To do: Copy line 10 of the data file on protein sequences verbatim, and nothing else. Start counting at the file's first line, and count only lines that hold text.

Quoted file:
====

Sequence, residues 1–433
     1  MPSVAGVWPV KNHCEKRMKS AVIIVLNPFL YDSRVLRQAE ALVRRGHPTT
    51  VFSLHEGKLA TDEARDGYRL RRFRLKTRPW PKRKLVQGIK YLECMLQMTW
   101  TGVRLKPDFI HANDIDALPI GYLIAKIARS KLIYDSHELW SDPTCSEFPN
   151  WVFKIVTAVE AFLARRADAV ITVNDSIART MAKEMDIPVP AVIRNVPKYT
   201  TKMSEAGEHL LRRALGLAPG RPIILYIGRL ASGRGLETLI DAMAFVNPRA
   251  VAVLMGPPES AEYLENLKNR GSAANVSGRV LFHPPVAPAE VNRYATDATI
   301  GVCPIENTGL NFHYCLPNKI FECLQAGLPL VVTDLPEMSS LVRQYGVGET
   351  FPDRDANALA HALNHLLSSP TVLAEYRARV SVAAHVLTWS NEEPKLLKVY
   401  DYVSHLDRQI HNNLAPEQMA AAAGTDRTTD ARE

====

   401  DYVSHLDRQI HNNLAPEQMA AAAGTDRTTD ARE